In addition, the autopsy report reflected an undescribed knife was found on the body of the deceased at the hospital. That report also established the deceased was highly intoxicated by alcohol at the time of his death.

Outside the presence of the jury, appellant sought to introduce official Dallas County records reflecting, inter alia, five prior convictions of the deceased for carrying weapons.[4] Though the record does not reflect the State's objection to this evidence, the trial court's ruling was as follows: "All right. Because of the State's objections, I am going to sustain the objection... to all except I will overrule the objection to 6 [deceased's conviction for aggravated assault on a female], and allow No. 6 into evidence because it is a prior act of violence, indicated on the conviction, whereas the others are not."[5]


The court of appeals disagreed with the trial judge's assessment of this evidence and the reason he stated for excluding it.[6] However, it was held below that the questioned prior convictions were not admissible on the issue of the "reasonableness of the defendant's claim of apprehension of danger" because the record did not reflect the defendant was aware of the incidents at the time of the homicide. The court of appeals also held the evidence was not admissible on the issue of "whether the deceased was the aggressor" because "there is no evidence that the witness offering the record of the prior convictions of the [deceased] had any personal knowledge of the specific acts of violence or misconduct giving rise to the conviction[s]."

We first observe that proof of the convictions was not offered by any witness. The evidence was offered in compliance with Section 4 of Article 3731a, V.T.C.A. Civil Statutes, which,

"provides a method by which the content of recordsdeclared admissible by Section 1may be introduced into evidence without the court attendance of a legal custodian, which would otherwise be required in order to lay the testimonial predicate for admission."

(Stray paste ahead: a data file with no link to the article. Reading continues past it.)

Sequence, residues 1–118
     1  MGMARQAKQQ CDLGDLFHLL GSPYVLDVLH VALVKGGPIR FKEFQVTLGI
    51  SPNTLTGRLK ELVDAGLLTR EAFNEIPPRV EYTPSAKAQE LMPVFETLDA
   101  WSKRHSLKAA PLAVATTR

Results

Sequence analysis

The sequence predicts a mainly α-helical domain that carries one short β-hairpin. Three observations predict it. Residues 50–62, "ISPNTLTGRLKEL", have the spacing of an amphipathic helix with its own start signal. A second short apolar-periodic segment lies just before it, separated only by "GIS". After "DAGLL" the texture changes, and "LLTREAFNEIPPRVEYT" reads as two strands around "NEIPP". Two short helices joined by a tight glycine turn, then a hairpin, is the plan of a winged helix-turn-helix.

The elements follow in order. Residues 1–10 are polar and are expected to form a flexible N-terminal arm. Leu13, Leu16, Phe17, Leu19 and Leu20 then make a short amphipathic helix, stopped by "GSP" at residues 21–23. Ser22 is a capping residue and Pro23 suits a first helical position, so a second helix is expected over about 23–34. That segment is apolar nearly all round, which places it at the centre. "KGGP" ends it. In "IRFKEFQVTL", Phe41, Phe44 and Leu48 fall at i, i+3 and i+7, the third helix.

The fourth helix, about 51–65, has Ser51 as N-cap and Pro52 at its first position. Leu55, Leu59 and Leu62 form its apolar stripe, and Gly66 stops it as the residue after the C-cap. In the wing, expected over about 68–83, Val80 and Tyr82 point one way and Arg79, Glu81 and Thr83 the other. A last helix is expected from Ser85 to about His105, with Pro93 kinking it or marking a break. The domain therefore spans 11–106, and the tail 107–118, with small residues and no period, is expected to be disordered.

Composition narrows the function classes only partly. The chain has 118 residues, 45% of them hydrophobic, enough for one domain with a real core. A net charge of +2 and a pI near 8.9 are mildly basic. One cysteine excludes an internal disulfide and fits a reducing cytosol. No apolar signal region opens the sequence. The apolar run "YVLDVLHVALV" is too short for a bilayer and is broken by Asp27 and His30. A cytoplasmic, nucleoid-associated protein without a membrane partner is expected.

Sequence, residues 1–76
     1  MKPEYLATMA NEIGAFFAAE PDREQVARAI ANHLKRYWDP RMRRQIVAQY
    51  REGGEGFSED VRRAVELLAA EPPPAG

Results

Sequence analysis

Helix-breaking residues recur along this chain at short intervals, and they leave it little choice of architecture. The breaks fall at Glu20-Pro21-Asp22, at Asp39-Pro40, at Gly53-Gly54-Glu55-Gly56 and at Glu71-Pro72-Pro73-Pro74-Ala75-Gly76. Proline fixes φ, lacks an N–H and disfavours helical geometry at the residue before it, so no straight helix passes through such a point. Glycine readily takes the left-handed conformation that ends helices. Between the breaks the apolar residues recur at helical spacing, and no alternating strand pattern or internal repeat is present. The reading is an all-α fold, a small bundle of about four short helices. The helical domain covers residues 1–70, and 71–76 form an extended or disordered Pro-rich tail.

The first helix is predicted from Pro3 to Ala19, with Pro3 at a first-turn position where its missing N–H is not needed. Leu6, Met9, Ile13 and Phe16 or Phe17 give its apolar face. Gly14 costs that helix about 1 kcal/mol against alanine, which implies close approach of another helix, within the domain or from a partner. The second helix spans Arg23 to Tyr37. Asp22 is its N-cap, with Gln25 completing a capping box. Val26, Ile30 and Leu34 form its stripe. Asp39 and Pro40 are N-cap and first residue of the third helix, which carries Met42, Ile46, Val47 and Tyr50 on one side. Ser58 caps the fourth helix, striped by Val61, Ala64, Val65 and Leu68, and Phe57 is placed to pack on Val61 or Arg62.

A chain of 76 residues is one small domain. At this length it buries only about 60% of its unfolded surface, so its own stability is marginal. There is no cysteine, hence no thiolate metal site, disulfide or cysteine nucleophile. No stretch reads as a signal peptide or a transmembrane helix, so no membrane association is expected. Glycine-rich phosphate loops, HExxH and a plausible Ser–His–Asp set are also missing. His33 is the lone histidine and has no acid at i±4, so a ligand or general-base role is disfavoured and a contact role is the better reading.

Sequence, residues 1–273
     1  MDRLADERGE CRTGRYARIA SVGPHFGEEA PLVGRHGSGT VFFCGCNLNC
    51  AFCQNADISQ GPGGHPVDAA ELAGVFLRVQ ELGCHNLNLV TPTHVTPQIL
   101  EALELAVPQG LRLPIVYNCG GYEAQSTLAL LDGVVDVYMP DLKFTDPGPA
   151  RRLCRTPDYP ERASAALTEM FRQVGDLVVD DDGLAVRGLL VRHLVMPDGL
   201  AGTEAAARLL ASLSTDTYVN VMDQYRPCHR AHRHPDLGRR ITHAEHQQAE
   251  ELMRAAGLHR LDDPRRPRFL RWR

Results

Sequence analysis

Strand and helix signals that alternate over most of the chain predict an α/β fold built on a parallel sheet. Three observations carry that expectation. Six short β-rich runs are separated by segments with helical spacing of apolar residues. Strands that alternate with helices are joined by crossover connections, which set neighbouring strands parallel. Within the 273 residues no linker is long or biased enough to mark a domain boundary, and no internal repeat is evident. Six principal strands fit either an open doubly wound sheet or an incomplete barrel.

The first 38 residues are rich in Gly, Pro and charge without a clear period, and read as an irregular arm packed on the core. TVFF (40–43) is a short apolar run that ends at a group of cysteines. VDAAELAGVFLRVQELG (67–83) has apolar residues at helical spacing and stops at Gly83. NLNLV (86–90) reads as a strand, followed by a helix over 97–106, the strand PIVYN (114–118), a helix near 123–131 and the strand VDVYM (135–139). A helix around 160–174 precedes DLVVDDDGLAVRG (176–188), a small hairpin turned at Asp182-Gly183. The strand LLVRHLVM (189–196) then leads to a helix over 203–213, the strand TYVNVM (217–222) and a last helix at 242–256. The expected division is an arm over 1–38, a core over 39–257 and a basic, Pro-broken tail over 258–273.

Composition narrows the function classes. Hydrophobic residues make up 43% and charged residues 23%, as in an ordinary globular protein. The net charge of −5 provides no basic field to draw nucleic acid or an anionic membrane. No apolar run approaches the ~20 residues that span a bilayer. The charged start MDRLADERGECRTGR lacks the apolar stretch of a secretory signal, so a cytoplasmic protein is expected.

Todd v. State, 598 S.W.2d 286, 292 (Tex.Cr. App.1980). The content of each of the records offered here was the bare fact of conviction not the factual details giving rise to each offense. It follows that if the bare fact that the deceased had been five times convicted for unlawfully carrying a weapon was probative of whether he was in fact the aggressor, then establishing such fact by official records without a live witness was perfectly legitimate. Moreover, the requirement of "personal knowledge" is obviated when the facts sought to be proved are admissible as an exception to the prohibition against hearsay evidencesuch as those contained in official records.

*653 Therefore, the records were not excludable for the reason that no witness could testify as to their contents from personal knowledge, and the court of appeals erred in so holding.

Neither do we agree with the court of appeals' assessment of the record to the effect that appellant was not shown to be aware of the deceased's prior convictions for carrying weapons at the time of the shooting. While she did not testify to knowing the specific dates the deceased had been convicted, the record reflects appellant's husband had told her about "different cases on pistols, and knives" and "that he had been to jail for a bunch of weapons cases." This knowledge on the part of appellant was sufficient to authorize proof of the prior convictions if the fact of those convictions was probative of the reasonableness of her apprehension of danger at the time of the killing.

Having concluded the court of appeals erred in holding the questioned evidence was excludable for the reasons stated, we now turn to a determination of whether that evidence was probative of any material issue in the case.